The 2017-18 version of the Wildcats is exceptionally athletic and big. In addition to Gabriel, Kentucky expects production from freshmen big men Nick Richards and P.J. Washington, as well as Jarred Vanderbilt, who has recently has been cleared to begin conditioning after a September foot injury. Sacha Killeya-Jones, a 6’10” sophomore who played limited minutes as a freshmen, will be asked to step up as well. In the backcourt, Calipari will rely on highly-regarded guards Quade Green and Shai Gilgeous-Alexander to mesh with Diallo to distribute and score. The loss of Jemarl Baker, touted as one of the best shooters in the Class of 2017, will be felt, as he is expected to be out for at least three months after undergoing knee surgery in late October. Regardless, the expectations in Lexington are that the Wildcats will contend for a Final Four berth and another National Championship. Calipari knows that the bargain with fans is that his reliance on one-and-done talent — and therefore youth and inexperience — will never be an excuse. He has routinely won SEC regular season and tournament titles throughout his tenure in Lexington, and while those things are nice, the only thing that really matters to Wildcat fans is what Kentucky does on the national stage in the Big Dance. Read the rest of this entry »

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After Disappointing Season, Texas A&M Looks to Return to SEC Prominence

Posted by David Changas on October 24th, 2017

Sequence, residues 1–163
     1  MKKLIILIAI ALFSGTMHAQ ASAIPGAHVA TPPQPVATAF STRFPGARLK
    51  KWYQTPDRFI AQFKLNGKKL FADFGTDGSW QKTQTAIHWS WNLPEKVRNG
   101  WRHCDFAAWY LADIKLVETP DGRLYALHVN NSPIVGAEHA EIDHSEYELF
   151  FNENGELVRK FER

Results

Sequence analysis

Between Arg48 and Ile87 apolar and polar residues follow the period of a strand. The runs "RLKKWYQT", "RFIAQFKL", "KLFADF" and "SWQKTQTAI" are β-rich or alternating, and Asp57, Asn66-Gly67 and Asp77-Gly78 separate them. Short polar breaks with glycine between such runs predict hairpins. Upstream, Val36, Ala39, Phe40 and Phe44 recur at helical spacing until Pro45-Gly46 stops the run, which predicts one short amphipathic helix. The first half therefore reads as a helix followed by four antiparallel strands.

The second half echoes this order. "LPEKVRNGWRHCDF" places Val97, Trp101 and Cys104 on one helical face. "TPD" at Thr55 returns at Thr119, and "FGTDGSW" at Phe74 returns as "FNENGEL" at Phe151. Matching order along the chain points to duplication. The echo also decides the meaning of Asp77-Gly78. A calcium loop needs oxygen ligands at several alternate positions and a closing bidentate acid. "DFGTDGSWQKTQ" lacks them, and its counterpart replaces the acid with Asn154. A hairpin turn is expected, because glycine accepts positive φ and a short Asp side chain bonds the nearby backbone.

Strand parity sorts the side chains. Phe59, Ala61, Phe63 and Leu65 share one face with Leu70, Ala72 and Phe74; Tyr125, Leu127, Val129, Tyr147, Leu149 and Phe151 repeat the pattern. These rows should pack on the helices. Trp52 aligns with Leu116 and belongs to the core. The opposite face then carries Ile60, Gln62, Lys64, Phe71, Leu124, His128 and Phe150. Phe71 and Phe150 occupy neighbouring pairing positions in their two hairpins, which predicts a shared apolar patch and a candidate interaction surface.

By any measure, the 2016-17 Texas A&M basketball season was a colossal disappointment. After being picked by virtually everyone to finish near the top of the SEC standings and easily make a return trip to the NCAA Tournament, the Aggies struggled to an 8-10 finish in league play and missed out on postseason play altogether. Last year’s disappointing outcome has not, however, tempered expectations for this year’s team. Once again, the Aggies are expected to challenge for a league championship and easily qualify for the Big Dance. And those expectations are just fine with two of A&M’s stars — Robert Williams and Tyler Davis — who talked about the upcoming season last week in Nashville. When asked about his goals this year, Williams did not mince words: “San Antonio” — the site of the 2018 Final Four. Davis, for his part, was more measured, instead discussing the need to focus on getting better each day. Regardless of how each player answered that question, both know that expectations are high in College Station, and with good reason.

Robert Williams showed his excitement about the upcoming season at SEC Media Days. (RTC Staff)